Thoracic outlet syndrome
Alerts and Notices
SynopsisThoracic outlet syndrome (TOS) describes a set of progressive symptoms caused by compression of the brachial plexus and/or subclavian vessels between the first rib and clavicle. Its incidence in the United States ranges from 3-80 cases per 1000 people, and it usually occurs between the ages of 20 and 50 years.
TOS is classified as neurogenic, venous, or arterial depending on the predominantly affected structure. Compression of the brachial plexus (neurogenic) accounts for about 95% of cases and affects women 3-4 times more often than men. It presents variably as pain, weakness, tingling, or numbness from the neck to hand, corresponding to the level of nerve compression.
Venous compression accounts for 4% of cases and presents as upper extremity swelling, cyanosis, vein distension, and diffuse deep pain. Thrombosis is often reported. Arterial compression accounts for less than 1% of cases and presents as pain, numbness, coolness, and pallor of the arm and hand that worsens in colder temperatures, with possible distal ischemia. Venous and arterial compression affect men and women equally but may be more common in athletic male patients than in female patients.
The syndrome can arise from a number of conditions, including a congenital anatomic abnormality, a traumatic injury, and repetitive or strenuous motions. Anomalous structures including bones, inflamed / hypertrophic muscles, fibrous bands, tumors, or obstructions within the thoracic outlet region may cause compression. Risk factors include repetitive overhead arm movements (eg, swimming, pitching, heavy overhead lifting) and hypercoagulable states. Descent of the shoulder girdle and postural changes such as sagging musculature associated with aging, obesity, or heavy breasts can also predispose patients to TOS. Loosening of joints associated with pregnancy can also be a factor.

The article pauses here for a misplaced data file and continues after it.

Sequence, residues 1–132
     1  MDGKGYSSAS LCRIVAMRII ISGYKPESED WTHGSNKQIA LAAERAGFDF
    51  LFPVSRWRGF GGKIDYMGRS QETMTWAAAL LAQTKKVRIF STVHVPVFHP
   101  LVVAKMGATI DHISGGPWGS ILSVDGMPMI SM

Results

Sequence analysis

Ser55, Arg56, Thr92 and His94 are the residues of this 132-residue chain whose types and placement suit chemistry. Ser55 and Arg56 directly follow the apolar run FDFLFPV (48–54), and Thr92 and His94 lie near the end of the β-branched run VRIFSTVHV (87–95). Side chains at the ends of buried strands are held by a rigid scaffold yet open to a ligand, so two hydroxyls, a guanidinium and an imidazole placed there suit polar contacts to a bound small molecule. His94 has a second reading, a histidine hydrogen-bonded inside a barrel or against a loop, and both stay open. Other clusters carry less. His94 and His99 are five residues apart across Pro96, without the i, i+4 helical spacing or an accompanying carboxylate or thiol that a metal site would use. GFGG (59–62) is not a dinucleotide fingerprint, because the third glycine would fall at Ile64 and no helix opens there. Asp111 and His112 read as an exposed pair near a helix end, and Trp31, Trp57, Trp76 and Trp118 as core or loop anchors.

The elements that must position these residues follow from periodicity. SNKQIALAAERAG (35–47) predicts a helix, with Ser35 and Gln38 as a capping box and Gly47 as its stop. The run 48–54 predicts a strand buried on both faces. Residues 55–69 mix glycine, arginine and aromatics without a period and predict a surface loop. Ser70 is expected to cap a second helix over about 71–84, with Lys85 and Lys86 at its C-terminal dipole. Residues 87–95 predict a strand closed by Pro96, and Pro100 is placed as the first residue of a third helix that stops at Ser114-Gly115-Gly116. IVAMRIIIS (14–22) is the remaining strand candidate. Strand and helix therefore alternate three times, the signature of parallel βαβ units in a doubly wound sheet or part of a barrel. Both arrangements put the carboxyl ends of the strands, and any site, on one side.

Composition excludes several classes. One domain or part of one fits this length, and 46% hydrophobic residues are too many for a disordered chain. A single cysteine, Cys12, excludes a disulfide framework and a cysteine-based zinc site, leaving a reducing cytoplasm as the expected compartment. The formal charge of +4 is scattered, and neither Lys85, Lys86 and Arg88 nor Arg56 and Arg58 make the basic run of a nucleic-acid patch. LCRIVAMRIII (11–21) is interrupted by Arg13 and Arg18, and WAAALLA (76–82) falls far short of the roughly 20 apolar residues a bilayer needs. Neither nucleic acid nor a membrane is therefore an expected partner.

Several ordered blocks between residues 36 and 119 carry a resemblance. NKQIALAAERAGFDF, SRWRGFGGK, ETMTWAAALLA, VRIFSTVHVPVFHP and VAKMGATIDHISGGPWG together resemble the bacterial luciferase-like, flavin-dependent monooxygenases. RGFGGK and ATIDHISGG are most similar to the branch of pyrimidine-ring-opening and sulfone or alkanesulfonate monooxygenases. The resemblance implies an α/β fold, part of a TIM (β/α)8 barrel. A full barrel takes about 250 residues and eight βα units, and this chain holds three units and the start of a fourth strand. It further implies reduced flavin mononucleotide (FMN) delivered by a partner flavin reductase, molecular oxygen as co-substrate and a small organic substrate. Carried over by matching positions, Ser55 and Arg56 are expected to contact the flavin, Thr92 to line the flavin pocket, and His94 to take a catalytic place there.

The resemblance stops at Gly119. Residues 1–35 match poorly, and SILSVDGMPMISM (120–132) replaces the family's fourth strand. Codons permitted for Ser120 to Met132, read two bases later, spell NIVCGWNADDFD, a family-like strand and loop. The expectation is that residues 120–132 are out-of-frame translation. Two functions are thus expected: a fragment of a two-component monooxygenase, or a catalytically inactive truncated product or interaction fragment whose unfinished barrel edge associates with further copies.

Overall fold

G54.0 – Brachial plexus disorders
128210009 – Thoracic outlet syndrome
Differential Diagnosis & Pitfalls
- Cervical spine injury or disease (eg, cervical spinal stenosis)
- Cervical nerve root compression
- Malignancies (eg, local, Pancoast, spinal cord tumors)
- Peripheral nerve entrapments (eg, ulnar and/or median nerve entrapment)
- Brachial neuritis / neuralgic amyotrophy
- Brachial plexus trauma
- Shoulder pathology (eg, rotator cuff injuries)
- Neurologic disorders (eg, multiple sclerosis)
- Acute coronary syndrome
- Coronary artery disease
- Severe atherosclerosis
- Vasospastic disorder (eg, Raynaud disease)
- Neuropathic syndromes of upper extremity (eg, complex regional pain syndrome)
- Carpal tunnel syndrome
- Cubital tunnel syndrome
- Pectoralis minor syndrome
- Lateral or medial epicondylitis
Thoracic outlet syndrome